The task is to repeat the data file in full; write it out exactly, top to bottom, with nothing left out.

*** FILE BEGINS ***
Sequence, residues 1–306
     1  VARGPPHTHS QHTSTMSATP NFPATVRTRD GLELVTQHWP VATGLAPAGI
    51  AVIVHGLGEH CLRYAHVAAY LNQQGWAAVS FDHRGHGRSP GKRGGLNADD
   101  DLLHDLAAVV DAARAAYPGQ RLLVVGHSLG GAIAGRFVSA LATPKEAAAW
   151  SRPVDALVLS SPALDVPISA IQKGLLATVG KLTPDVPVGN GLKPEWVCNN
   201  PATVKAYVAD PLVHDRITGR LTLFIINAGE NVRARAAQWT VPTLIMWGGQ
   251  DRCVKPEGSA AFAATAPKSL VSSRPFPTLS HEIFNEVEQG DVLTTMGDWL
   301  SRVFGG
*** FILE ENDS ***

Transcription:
Sequence, residues 1–306
     1  VARGPPHTHS QHTSTMSATP NFPATVRTRD GLELVTQHWP VATGLAPAGI
    51  AVIVHGLGEH CLRYAHVAAY LNQQGWAAVS FDHRGHGRSP GKRGGLNADD
   101  DLLHDLAAVV DAARAAYPGQ RLLVVGHSLG GAIAGRFVSA LATPKEAAAW
   151  SRPVDALVLS SPALDVPISA IQKGLLATVG KLTPDVPVGN GLKPEWVCNN
   201  PATVKAYVAD PLVHDRITGR LTLFIINAGE NVRARAAQWT VPTLIMWGGQ
   251  DRCVKPEGSA AFAATAPKSL VSSRPFPTLS HEIFNEVEQG DVLTTMGDWL
   301  SRVFGG